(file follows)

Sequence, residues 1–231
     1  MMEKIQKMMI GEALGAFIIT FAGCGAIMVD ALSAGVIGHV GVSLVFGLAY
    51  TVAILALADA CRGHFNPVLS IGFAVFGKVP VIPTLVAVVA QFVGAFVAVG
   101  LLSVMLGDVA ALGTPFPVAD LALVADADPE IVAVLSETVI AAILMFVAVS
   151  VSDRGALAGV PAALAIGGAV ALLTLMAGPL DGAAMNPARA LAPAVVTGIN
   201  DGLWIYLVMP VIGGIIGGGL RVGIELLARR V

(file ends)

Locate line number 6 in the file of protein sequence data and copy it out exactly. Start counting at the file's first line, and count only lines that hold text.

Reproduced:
   201  DGLWIYLVMP VIGGIIGGGL RVGIELLARR V